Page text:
A Collection of Mike Barr & Alan Davis’s Detective Comics run:
 This run lasted only six issues (Detective Comics #’s 569-574) but it remains one of my favorite (hell, on some days my absolute favorite) Batman runs. There’s so much great stuff; the Catwoman & Joker (when he was drawn to resemble David Bowie) story with that absolutely heartbreaking ending, the Scarecrow’s most famous caper, Jason Todd actually being a likeable character, the anniversary issue where Batman teams up with all stars past and present of Detective Comics, a fun Mad Hatter story, and of course the excellent “My Beginning and my Probable End”. That would actually be a good title for the collection; “Probable Ends”. With an all-star villain line-up, and only six issues to reprint, what’s to lose?
More ‘Greatest stories ever told” TPBs:
DC has crapped out Superman, Batman (two volumes), Wonder Woman, Batgirl, Joker, Flash, Captain Marvel and Green Lantern volumes, not to mention two “decades” volumes devoted to the Golden Age and the 1950s. Why stop there? Green Arrow, Aquaman, Hawkman, Swamp Thing, Plastic Man and The Spectre deserve a chance in the spotlight. Hell, for the last three I can rattle off what I’d put in there if I was the editor. These volumes also need to showcase more Golden Age material, and if they focus on legacy heroes, to give each character an equal story allotment. I remember the “Greatest Green Lantern stories” solicits that mentioned it would include Alan Scott & Guy Gardner material, and the volume itself was nearly all Hal Jordan stories! Fuckers.
 Also, there needs to be a “worst” collection for each hero as well. I’m curious to see what material DC would intentionally market as bad.
A Chronological reprinting of every one of Bill Everett’s Sub-Mariner stories:
You know who writes better than Bill Everett? Lots of people.
You know who draws better than Bill Everett? A slight handful of people.
You know who writes and draws Sub-Mariner better than Bill Everett? NO ONE!
 More DC Archives:
I’d love to see archives of Captain Comet, Wildcat, Green Arrow, various Quality heroes, second volumes of Golden Age Hawkman, as well as collections of non-hero stuff. DC has reprinted big Showcase editions of their horror comics after the code, but I’m curious to see their pre-code horror comics like House of Mystery and the post-Wonder Woman issues of Sensation Comics. I know the stuff was tamer than other pre-code horror comics, but I’m curious to read it anyway. Alex Toth’s Johnny Thunder stories also look cool.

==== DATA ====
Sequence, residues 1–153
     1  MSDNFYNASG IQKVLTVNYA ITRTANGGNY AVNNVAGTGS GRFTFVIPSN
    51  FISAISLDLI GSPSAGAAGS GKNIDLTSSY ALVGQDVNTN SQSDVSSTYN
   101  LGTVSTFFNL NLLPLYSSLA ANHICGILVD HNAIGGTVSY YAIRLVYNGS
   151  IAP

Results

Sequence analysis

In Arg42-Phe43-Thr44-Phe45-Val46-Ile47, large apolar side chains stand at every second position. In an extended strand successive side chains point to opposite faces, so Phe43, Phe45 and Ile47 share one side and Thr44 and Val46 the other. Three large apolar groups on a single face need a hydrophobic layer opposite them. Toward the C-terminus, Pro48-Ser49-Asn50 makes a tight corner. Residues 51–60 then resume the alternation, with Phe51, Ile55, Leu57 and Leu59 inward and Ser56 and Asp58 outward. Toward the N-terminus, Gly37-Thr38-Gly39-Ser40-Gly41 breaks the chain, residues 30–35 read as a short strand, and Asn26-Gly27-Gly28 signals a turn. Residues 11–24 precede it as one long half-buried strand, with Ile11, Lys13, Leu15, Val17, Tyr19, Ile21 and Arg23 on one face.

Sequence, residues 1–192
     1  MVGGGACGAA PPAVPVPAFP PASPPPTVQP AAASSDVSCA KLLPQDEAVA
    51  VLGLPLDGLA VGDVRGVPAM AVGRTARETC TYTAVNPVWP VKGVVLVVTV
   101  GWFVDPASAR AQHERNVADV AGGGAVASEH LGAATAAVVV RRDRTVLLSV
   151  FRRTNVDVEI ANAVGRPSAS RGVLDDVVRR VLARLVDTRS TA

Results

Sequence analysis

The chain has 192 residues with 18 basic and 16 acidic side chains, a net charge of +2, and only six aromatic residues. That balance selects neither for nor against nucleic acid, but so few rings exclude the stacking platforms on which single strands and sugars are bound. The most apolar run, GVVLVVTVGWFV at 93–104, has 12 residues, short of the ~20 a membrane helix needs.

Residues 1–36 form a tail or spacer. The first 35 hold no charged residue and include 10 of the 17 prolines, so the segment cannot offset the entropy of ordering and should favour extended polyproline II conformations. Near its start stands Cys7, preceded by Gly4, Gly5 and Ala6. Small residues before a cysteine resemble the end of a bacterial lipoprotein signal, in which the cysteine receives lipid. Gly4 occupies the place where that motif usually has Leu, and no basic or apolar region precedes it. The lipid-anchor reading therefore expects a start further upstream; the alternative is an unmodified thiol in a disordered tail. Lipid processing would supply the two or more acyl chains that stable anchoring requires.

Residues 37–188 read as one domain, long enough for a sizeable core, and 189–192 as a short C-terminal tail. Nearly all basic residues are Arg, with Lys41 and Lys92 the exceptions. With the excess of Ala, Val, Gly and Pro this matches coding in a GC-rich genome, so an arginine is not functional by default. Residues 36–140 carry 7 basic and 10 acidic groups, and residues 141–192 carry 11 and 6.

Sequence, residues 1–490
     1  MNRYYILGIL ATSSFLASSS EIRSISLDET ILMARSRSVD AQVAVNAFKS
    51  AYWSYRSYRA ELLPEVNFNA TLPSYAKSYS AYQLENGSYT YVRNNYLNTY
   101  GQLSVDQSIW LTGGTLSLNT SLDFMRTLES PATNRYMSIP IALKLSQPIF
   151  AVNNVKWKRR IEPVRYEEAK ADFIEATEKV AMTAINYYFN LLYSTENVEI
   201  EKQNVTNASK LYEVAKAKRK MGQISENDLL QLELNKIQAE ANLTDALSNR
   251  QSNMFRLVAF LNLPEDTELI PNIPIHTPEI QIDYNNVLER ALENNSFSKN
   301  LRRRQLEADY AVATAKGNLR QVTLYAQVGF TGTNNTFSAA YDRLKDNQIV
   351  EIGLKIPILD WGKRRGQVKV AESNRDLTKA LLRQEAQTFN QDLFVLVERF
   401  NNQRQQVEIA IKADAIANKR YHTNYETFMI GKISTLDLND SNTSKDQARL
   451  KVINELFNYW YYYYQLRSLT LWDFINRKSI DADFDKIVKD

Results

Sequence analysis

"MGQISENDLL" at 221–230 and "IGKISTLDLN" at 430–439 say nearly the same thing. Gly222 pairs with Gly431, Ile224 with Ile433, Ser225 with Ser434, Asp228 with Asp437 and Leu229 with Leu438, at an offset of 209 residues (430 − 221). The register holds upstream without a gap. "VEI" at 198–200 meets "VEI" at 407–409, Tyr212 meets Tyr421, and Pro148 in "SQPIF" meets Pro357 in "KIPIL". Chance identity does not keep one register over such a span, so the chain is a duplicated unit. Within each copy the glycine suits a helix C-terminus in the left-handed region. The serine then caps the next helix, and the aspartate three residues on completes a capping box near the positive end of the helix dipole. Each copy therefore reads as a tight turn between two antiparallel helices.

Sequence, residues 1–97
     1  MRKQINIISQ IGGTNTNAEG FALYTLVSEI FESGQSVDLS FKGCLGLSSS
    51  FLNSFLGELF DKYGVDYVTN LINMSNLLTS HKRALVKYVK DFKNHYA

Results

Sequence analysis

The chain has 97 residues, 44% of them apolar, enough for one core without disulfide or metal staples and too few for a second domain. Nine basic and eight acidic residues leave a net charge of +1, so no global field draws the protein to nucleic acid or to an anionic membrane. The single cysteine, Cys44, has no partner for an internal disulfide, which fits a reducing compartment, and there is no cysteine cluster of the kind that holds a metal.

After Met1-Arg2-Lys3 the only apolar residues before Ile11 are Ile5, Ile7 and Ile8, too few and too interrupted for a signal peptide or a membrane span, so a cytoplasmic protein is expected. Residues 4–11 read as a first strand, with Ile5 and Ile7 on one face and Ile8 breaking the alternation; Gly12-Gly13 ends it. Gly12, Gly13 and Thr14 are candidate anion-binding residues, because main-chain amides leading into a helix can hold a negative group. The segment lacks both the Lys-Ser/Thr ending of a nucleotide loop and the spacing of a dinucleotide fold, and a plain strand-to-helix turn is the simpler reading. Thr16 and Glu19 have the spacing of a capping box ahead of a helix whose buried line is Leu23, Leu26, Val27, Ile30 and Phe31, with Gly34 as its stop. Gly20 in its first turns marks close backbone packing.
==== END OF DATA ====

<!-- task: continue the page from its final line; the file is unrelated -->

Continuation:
Ostrander & Mandrake’s Spectre series:
If that TV show gets made, I can’t think of a better excuse to release these stories. There was a TPB collecting the first four issues, but that barely scratches the surface. Seriously, these stories are some of the best material published in the 1990s, not to mention the freakiest comics I have ever read.
 Is this all too much to ask? Yeah, but that’s why it’s called day-dreaming.


  1. I'd like to read the earliest TOMAHAWK stories in sequence, if only for the first year or so. As per your comment about HOUSE OF MYSTERY, I'm not expecting superlative work, but I'm curious to see how the character was conceived, just because I enjoyed the Silver Age stuff, from the goofy fantasies ("The Weird Water Tomahawk") to the grittier Frank Thorne works.

    But I can't imagine early Tomahwak making any dough for DC these days.

  2. Hey, just wanted to say, cool blog you have here. I just happened here while doing an image sarch, and here aI am. Love the particualr omage you have for the header. Dark and colo. And also thanks for posting those What If? collection links as well. I've decided to check them out, and they have really good wishlists. I do a similar thing of sorts, but with action figures over at my blog.


    Mr. Morbid's House of Fun: